accounting rules allowed them to assume the loans would be repaid, and not prematurely. This assumption became the engine of their doom.
“I was just seeing stunningly high delinquency rates in these pools.” The interest rate on the loans wasn’t high enough to justify the risk of lending to this particular slice of the American population. It was as if the ordinary rules of finance had been suspended in response to a social problem. A thought crossed his mind: How do you make poor people feel wealthy when wages are stagnant? You give them cheap loans.
they could mask the fact that they had no real earnings, just illusory, accounting-driven, ones. They had the essential feature of a Ponzi scheme:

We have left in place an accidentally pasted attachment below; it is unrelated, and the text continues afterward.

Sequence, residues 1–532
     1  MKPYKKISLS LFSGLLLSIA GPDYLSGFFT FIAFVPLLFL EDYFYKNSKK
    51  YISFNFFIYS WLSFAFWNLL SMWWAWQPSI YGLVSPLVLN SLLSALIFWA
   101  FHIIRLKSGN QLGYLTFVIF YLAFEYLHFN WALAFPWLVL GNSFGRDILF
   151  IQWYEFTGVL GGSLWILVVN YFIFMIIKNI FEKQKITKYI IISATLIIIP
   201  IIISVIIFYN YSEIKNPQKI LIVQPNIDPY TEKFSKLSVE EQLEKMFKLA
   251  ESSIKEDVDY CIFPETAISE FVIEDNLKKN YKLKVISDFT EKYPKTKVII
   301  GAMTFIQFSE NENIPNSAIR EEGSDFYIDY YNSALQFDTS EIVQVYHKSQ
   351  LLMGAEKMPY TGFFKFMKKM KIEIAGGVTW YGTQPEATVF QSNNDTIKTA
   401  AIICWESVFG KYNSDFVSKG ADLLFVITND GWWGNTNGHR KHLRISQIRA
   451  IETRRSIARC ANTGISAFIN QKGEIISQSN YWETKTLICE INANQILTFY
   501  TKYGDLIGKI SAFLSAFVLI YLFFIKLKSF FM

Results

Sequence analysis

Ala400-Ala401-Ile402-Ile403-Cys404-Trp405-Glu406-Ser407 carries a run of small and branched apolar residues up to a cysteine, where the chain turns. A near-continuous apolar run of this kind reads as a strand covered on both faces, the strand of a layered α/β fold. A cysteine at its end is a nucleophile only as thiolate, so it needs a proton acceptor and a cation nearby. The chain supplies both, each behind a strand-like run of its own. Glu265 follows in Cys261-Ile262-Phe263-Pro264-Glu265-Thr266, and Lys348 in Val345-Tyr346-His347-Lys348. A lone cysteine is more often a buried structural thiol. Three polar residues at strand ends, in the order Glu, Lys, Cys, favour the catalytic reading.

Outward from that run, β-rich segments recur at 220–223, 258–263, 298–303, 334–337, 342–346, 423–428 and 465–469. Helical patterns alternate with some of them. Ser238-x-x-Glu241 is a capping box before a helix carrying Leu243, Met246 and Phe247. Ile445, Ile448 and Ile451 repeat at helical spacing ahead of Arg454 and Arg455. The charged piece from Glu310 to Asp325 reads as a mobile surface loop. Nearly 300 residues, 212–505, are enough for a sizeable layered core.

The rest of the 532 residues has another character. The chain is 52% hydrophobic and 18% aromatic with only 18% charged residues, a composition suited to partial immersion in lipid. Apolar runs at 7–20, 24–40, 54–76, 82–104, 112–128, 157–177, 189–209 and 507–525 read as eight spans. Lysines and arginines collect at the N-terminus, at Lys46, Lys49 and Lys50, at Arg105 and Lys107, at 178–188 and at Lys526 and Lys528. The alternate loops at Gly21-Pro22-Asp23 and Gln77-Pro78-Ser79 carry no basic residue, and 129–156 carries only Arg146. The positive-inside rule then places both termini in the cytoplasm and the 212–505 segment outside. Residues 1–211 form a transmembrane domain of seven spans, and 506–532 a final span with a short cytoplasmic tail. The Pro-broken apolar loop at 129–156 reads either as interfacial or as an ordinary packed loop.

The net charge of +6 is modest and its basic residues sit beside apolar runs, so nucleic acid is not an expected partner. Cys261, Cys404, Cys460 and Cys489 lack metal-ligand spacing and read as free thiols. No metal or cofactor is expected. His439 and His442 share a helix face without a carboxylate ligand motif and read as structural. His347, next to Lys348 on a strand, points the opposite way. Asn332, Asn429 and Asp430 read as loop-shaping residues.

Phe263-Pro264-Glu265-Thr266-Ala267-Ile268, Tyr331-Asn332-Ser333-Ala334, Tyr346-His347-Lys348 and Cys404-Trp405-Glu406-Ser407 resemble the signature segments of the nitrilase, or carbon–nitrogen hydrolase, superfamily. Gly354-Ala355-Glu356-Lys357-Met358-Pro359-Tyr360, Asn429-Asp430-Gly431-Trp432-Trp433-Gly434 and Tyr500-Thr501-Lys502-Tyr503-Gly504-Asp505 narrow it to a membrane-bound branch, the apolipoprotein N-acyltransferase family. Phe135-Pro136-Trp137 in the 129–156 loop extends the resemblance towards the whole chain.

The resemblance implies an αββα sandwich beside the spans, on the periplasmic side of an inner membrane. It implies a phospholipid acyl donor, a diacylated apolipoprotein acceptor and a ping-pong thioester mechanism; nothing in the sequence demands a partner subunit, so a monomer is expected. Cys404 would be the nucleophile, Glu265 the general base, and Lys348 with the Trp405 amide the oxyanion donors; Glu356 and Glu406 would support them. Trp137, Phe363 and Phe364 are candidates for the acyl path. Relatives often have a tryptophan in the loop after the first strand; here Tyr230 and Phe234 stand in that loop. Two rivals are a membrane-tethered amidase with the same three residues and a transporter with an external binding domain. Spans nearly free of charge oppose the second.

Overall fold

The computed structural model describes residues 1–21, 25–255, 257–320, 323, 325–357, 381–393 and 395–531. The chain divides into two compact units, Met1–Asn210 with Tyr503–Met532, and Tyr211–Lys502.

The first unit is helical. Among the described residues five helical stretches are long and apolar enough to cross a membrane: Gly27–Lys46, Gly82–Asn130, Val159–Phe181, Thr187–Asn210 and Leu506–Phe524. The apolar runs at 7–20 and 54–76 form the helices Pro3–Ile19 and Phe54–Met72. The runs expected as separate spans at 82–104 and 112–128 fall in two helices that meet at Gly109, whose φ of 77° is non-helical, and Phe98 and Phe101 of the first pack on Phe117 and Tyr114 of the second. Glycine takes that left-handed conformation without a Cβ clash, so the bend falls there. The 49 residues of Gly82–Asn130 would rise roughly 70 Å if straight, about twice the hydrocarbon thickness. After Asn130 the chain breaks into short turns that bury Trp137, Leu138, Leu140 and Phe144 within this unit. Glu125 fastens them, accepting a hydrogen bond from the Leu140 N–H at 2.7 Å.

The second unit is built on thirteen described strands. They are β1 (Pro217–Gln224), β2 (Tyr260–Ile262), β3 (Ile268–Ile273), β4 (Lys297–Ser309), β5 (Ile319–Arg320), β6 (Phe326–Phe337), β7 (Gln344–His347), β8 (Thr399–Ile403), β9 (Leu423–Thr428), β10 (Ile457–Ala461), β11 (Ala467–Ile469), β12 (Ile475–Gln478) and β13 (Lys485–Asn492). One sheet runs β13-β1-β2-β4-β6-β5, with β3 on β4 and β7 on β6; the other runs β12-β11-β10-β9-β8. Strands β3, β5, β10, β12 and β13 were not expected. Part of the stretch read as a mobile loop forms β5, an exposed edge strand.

Even in life or death situations, doctors, nurses, and patients all responded to bad incentives. In hospitals in which the reimbursement rates for appendectomies ran higher, for instance, the surgeons removed more appendixes. The evolution of eye surgery was another great example. In the 1990s, the ophthalmologists were building careers on performing cataract procedures. They’d take half an hour or less, and yet Medicare would reimburse them $1,700 a pop. In the late 1990s, Medicare slashed reimbursement levels to around $450 per procedure, and the incomes of the surgically minded ophthalmologists...